I have a confession to make. There hasn’t been a whole lot of cooking going on in my house. It’s just too darn hot outside. We live in an older house with horrible insulation, and although we had central air put in when we bought the house, it still is hard to keep the house cool. (It also could have to do with the fact that the people we hired put in a much too small unit – if you live in Utah County and are wanting to put in heating or air conditioning – I’ll tell you who not to hire!) So we’ve been eating very simple lately. I pulled up the folder of pictures to blog on my computer this morning, and I realized that my back-ups are getting quite thin!! Since I don’t have a whole lot left to choose from, I’m bringing you another cookie recipe – but I never complain about too many cookies!!
I think I’m like most people over the world – I love dulce de leche. So when I see a recipe with it, I’m always drawn to it. This one was no exception! I know that dulce de leche can now be bought at many supermarkets and grocery stores across the US these days. In fact, I’ve seen it at my store, but I’ve never bought it. I’ve always made my own. Even though it takes a long time, it is really quite easy. And to my knowledge, there are 3 different ways to make it using sweetened condensed milk. I know everyone has their preference, and so do I.
1 – put the can in a pot of boiling water, completely covered by water. Let the can simmer in the water for 2 to 4 hours. This is actually the way that my Junior High Spanish teacher taught us to make it. The caution on this one is that the can can explode. It’s never happened to me, but there are warnings everywhere of the danger of making dulce de leche this way. The good thing about this method is that the milk caramelizes evenly through the can, but on the bad side, you can’t really tell when it is done because the can is sealed.
2 – poke 2 holes in the top of the sweetened condensed milk can. Put it into a pot of simmering water, and leave it there for 2-4 hours, refilling the water as neccesary to keep the water level about 2/3 up the can. The milk will pool a bit on the top of the can, and when it turns a caramel color, it is done. Although this is the safer way, (and the way suggested in the recipe for these cookeis), it’s probably my least favorite way. Because the bottom 2/3 of the can are immersed in water, they turn much darker than the top. What I usually end up with is thick, almost solid caramel on the bottom, and barely caramelized milk on the top. I don’t like the inconsistency.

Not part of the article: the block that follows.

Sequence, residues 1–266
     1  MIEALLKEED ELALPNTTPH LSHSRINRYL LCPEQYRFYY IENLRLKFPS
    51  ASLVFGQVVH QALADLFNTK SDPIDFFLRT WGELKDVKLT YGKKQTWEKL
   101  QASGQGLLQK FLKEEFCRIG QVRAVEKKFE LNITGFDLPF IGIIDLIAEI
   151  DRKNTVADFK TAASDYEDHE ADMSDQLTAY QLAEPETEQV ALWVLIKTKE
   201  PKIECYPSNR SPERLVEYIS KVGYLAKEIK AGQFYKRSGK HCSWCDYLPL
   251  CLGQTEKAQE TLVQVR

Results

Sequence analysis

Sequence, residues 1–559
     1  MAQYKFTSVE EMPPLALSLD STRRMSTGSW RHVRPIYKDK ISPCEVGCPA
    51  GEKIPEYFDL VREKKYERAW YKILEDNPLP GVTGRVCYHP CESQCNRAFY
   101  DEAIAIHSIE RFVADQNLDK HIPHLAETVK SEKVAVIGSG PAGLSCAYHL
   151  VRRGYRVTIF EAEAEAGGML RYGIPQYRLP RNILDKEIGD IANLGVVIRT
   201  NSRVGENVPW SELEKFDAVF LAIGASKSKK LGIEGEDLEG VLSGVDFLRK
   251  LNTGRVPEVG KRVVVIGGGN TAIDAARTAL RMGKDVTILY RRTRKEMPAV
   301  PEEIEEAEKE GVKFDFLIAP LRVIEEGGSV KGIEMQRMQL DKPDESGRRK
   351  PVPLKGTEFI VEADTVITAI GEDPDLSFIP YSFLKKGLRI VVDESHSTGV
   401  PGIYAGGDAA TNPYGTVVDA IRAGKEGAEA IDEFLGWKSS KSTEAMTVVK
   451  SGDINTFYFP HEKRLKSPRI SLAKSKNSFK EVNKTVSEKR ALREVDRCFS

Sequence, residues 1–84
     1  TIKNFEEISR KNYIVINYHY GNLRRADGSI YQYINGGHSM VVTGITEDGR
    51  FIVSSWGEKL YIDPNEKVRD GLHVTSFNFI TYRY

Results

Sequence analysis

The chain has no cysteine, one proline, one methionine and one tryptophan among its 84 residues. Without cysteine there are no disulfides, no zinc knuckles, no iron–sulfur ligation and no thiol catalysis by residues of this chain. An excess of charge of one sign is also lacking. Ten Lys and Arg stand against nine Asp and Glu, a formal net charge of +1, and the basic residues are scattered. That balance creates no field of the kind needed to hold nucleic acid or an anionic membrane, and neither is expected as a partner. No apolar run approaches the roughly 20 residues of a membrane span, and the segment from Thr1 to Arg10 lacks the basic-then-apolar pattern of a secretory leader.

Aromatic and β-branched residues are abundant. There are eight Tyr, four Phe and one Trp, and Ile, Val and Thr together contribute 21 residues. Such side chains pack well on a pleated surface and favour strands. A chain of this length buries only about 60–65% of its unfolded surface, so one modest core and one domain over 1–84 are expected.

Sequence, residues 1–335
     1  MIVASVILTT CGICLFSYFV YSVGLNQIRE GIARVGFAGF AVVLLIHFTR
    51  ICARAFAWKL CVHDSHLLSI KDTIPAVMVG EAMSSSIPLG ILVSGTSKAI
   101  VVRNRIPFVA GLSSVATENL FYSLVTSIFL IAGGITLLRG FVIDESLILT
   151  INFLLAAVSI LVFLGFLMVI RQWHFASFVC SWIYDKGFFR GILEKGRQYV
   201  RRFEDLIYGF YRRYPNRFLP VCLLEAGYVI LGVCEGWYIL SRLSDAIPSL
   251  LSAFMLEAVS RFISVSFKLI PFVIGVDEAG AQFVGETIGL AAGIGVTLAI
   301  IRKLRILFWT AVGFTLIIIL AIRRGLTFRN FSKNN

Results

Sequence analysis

3 – the third way, and my favorite way, is to bring a pot of water to a simmer or light boil, and set a bowl on top of the pan. Open the can of sweetened condensed milk, and pour it into the bowl. Cover the bowl with foil, and go back and stir the milk every 15 to 30 minutes until it has caramelized and thickened. Although this way seems to take the longest, I like that the milk caramelizes evenly, and you can tell when it is done and to the consistency you want.
No matter which method you choose, I wouldn’t suggest using fat free sweetened condensed milk. That’s all I had at home when I made these, and it doesn’t work quite right.
Whether you choose to buy the pre-made dulce de leche or make your own, these are easy and delicious cookies!
Dulce de Leche Macaroons
adapted from The Pastry Queen
Makes about 1 1/2 dozen
14 oz can dulce de leche
3 cups lightly packed sweetened flaked coconut
1 teaspoon vanilla extract
Preheat oven to 350F. Line baking sheets with parchement paper or silicone mats, or butter generously.
Mix together the dulce de leche, coconut and vanilla. Using a 1 3/4-diameter scoop, drop the spoonfuls of dough on the prepared baking sheets, spacing them 1-1/2 inches apart. Wet your fingertips lightly with water and gently flatten the cookie dough (no need to press hard; just press out the hump). Bake for 12 to 14 minutes, until the edges are dark brown and crisp. Let the cookies cool for 10 to 15 minutes. Store the cookies for about 1 week in an airtight tin, or freeze for 1 month. Separate the layers of cookies with waxed paper or they will stick together.